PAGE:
Preventing The Mental Health Of Homeless Children And Youth Essay

Preventing The Mental Health Of Homeless Children And Youth Essay

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The thought of becoming homelessness for any individual can be stressful, scary, over whelming and even traumatic. Now imagine what that must feel like for a child, someone who may not have developed the cognitive skills to understand that harsh and drastic changes they are experiencing with their families. According to the text “Protecting the Mental Health of Homeless Children and Youth” by HCH Clinician Network (2000), the author’s state,
“Loss of stability and safety; fractured families; hunger; overcrowded living conditions; disrupted education; secondary to multiple moves; increased exposure to disease, violence substance abuse, and metal illness- these are the conditions elicit and exacerbate emotional problems in homeless children” (p. 1). In essence, the authors remind us that these combinations of factors are influencing the child’s state of being. Both children who are on the verge of becoming homelessness and those who are experiencing homelessness are affected physically, emotionally and developmentally. However, the child’s age is a factor that should also be taken into consideration when assessing the needs of children, as there are different stages and developmental milestones within the various age groups. For the sake of the assignment I am going to limit my claims to school aged children.
Children experiencing homelessness tend to have many physical health problems. According to her text “Homelessness and its Effects on Children”, Ellen Hart-Shegos, states “Environmental factors contribute to homeless children’s poor health […] homeless children are at greater risk for asthma and lead poising” (1999, p. 4). This argument is relatively significant because it speaks on the living conditions endured by these ch...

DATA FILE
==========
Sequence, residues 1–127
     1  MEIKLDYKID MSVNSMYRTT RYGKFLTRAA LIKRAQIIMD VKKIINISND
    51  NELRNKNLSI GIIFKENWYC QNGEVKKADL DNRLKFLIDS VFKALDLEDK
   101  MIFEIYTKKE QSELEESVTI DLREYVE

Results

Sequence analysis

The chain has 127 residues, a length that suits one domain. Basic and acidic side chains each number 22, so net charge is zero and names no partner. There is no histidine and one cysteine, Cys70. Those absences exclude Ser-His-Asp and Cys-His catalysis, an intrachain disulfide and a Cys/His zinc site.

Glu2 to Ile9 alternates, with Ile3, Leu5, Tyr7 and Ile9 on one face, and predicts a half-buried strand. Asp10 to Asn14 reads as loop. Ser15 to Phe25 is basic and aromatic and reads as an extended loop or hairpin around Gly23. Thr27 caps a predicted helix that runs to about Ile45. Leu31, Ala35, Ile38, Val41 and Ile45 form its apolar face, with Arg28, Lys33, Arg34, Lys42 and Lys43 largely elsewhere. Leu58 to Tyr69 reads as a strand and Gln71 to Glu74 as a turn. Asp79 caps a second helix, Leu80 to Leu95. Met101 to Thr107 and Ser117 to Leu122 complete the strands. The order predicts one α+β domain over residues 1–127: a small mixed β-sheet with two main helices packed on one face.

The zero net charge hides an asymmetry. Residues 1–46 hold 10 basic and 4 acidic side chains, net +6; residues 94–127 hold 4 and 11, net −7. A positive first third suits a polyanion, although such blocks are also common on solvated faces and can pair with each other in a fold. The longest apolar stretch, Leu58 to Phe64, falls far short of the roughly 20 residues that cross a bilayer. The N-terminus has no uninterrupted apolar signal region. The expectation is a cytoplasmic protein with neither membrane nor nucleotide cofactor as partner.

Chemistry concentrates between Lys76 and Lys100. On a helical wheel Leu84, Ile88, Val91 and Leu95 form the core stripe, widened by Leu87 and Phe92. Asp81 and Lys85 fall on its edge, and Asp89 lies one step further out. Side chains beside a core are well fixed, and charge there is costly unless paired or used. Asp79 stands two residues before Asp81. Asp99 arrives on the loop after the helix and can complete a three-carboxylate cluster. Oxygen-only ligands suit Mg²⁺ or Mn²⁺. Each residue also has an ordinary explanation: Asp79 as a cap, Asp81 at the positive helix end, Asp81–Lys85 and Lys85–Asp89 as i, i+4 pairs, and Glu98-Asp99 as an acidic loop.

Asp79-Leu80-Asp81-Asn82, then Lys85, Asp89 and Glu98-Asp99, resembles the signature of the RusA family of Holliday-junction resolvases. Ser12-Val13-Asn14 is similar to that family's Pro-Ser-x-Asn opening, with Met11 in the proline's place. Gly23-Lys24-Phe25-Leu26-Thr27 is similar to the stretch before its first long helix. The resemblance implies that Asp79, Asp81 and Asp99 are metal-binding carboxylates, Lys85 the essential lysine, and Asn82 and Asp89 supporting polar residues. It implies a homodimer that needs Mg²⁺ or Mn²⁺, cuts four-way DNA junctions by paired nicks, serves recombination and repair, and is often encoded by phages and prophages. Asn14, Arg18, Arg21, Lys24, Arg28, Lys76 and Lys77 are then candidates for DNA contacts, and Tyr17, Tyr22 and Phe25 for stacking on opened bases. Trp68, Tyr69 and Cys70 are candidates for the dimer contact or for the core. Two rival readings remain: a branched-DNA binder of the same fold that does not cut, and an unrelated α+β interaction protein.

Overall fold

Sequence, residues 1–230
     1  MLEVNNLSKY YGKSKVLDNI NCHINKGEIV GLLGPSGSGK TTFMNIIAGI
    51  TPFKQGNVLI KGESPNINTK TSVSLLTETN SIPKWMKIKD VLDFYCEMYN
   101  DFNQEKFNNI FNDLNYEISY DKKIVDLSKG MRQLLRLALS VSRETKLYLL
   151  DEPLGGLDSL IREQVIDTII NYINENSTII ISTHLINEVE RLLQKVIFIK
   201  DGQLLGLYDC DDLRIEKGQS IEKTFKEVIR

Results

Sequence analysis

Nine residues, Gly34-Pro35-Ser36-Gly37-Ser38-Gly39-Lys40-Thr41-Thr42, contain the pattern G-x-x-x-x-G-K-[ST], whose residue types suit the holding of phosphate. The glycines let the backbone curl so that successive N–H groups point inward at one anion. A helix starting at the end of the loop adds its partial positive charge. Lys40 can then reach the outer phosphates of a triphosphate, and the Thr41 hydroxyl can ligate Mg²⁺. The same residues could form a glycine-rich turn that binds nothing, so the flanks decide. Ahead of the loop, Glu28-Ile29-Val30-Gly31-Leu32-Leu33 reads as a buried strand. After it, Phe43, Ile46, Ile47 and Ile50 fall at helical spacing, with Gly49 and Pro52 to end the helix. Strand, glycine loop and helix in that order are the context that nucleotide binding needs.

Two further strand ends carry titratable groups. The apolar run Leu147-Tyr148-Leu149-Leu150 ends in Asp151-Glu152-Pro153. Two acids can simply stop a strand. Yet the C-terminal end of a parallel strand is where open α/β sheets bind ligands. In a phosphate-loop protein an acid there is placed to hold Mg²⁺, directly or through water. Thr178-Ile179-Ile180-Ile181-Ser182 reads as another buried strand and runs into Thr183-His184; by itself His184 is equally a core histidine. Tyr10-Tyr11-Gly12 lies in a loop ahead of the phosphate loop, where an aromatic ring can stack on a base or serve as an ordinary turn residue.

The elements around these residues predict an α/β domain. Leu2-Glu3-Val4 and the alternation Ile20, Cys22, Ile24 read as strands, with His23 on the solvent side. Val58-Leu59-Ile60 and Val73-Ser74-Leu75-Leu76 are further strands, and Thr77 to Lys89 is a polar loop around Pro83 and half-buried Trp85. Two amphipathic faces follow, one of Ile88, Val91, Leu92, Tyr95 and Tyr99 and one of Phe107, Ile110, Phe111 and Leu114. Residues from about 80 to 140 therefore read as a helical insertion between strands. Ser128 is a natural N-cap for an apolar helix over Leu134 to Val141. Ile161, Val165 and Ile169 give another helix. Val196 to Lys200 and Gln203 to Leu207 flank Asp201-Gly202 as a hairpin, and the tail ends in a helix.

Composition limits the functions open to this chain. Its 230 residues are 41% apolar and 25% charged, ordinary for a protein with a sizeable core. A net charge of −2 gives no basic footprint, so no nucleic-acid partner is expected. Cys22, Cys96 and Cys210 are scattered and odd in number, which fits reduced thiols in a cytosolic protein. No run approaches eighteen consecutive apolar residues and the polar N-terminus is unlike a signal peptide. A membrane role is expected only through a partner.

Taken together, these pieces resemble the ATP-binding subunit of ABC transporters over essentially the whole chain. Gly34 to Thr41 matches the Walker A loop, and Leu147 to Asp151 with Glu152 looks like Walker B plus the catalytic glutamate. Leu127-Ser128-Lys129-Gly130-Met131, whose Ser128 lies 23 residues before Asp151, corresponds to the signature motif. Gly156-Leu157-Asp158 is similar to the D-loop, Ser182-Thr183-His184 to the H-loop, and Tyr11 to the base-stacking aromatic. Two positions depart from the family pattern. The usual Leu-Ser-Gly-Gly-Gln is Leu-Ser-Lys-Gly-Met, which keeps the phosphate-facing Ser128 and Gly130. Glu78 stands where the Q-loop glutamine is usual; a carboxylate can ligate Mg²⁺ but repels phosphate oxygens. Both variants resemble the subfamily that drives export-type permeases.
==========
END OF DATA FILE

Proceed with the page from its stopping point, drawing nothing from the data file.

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...lls necessary to gain self-esteem, so they can stay motivated and take steps necessary to continue to seek services and stay involved, I also think social workers should allow their clients the opportunity to work with them to get their lives back to a stable place. According to the text “Commentary: A consumer Perspective on Parenting While Homeless” by Gladys Fondfield-Ayinla (2009), she states, “Homeless services programs would benefit by moving away from dehumanizing language. Labels like “case manager” or are not helpful because they set up hierarchy […] anyone seeking services for their families would want to contribute to treatment planning for their children and themselves” (p. 300). Furthermore, clients need to feel appreciated and involved so that they can stay motivated and so that they can show their children that they have control over their situation.

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